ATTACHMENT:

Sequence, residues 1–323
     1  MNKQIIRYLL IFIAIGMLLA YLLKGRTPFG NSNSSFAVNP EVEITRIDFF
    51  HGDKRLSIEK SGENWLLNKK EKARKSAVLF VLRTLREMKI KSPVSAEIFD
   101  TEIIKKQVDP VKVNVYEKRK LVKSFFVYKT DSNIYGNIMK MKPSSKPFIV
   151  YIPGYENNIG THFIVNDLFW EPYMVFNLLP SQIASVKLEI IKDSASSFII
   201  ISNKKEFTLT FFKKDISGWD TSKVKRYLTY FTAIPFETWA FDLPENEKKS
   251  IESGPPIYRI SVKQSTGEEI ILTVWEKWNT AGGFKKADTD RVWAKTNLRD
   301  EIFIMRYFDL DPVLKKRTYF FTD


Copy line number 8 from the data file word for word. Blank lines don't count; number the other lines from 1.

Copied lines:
   301  EIFIMRYFDL DPVLKKRTYF FTD